Children: To Hit or Not to Hit? (spoiler: NOT!)

The text in this image can be found at the bottom of the post.

Children Learn What They Live poem by Dorothy Law Nolte from http://www.docstoc.com/docs/158159649/Children-Learn-What-They-Live

Another facebook friend is advocating hitting children. In the wake of another local bullying incident, my news feed is once again spattered with variations on the meme of “If there was more of THIS {image of a child being spanked}, there’d be less of THIS {image of young criminals*}.”

The comments threads include laments about how parents are too easy on their kids, about how kids just need some old-fashioned discipline (or even boot camps) to keep them on the straight and narrow, and how “juvie” is way too soft on kids, full of video games and permissiveness.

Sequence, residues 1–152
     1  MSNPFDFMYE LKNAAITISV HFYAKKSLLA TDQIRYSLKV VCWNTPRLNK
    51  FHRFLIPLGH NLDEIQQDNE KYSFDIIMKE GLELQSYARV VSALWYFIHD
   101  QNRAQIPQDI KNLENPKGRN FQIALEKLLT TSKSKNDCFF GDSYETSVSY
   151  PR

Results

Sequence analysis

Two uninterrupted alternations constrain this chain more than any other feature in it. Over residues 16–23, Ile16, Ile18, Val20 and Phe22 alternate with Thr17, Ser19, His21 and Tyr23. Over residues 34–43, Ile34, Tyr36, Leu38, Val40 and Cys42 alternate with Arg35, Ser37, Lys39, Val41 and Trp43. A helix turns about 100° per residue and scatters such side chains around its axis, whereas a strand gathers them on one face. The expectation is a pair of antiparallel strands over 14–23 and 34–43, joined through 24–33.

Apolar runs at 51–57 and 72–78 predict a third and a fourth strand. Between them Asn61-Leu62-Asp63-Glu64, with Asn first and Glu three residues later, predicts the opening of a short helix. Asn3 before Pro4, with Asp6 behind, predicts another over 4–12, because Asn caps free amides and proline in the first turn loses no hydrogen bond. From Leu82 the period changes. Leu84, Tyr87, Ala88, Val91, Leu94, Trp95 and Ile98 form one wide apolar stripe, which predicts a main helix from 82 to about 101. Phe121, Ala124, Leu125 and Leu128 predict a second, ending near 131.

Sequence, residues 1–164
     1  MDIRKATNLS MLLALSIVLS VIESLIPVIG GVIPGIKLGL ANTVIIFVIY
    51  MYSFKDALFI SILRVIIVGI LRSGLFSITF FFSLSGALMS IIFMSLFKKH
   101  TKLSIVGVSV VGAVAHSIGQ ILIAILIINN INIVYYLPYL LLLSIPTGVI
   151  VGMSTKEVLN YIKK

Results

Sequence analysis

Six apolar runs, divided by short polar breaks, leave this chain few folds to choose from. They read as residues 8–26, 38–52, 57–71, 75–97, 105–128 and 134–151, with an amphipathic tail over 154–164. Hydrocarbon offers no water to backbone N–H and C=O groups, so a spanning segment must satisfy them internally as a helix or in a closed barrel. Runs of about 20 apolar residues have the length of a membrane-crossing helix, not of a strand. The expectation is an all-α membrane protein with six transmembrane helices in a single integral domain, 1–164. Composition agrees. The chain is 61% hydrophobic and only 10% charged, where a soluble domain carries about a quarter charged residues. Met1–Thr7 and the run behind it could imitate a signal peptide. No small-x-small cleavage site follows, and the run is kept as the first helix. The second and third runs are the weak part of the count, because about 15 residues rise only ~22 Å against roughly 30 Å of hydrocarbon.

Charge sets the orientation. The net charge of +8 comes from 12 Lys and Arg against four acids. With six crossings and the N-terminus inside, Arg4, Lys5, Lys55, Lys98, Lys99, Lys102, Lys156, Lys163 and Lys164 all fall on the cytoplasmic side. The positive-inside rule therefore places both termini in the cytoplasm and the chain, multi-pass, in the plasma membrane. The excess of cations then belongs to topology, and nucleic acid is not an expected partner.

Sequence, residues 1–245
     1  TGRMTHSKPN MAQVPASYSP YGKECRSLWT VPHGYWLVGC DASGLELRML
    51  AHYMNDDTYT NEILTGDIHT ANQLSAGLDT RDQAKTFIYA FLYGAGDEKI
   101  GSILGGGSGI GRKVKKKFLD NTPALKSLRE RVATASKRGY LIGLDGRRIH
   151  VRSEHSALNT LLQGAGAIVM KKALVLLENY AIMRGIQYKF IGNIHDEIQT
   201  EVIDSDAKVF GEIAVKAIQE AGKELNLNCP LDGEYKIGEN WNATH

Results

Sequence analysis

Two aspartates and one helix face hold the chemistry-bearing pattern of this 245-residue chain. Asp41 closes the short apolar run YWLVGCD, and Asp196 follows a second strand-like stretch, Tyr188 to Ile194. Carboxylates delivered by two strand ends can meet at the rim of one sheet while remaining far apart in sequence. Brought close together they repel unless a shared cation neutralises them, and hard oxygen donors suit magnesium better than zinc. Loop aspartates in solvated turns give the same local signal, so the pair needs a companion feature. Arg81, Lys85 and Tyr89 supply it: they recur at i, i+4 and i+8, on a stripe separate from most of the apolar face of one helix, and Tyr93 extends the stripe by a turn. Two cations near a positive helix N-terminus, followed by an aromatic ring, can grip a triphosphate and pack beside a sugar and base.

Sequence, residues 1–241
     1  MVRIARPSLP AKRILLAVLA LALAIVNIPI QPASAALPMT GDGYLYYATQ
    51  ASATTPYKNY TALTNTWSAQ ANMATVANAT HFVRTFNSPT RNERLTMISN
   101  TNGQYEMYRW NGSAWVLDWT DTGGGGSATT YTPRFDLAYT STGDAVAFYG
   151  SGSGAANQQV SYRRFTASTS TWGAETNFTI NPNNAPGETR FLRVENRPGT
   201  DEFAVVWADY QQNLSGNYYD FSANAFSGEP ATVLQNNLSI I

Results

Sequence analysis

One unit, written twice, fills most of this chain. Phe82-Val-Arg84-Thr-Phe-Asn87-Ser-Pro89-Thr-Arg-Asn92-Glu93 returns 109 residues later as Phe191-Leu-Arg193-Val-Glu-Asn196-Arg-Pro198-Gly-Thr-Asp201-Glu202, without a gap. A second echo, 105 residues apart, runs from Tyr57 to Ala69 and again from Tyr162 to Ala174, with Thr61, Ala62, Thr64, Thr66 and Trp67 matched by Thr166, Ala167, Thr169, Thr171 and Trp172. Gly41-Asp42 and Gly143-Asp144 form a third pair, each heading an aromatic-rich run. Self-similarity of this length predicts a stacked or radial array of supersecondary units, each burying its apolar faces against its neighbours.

The only thing they’re right about is that “juvie” is not going to make kids behave any better. But that’s not because it’s too soft. It’s because locking up children, controlling their every move, regulating when they can eat, sleep, shit, and talk to their peers, pepper-spraying them, holding them in isolation cells, keeping them in cuffs and shackles for long periods of time, shaming them, violating their boundaries and privacy, and otherwise using physical and institutional coercion to keep them in line is no way to teach kids how to behave prosocially when they are released back into the community.

All it teaches them is the same lesson that spanking teaches them: under certain circumstances, it is absolutely okay to use force against others. Especially if they are smaller than you. Weaker than you. Under your thumb. Unable to escape.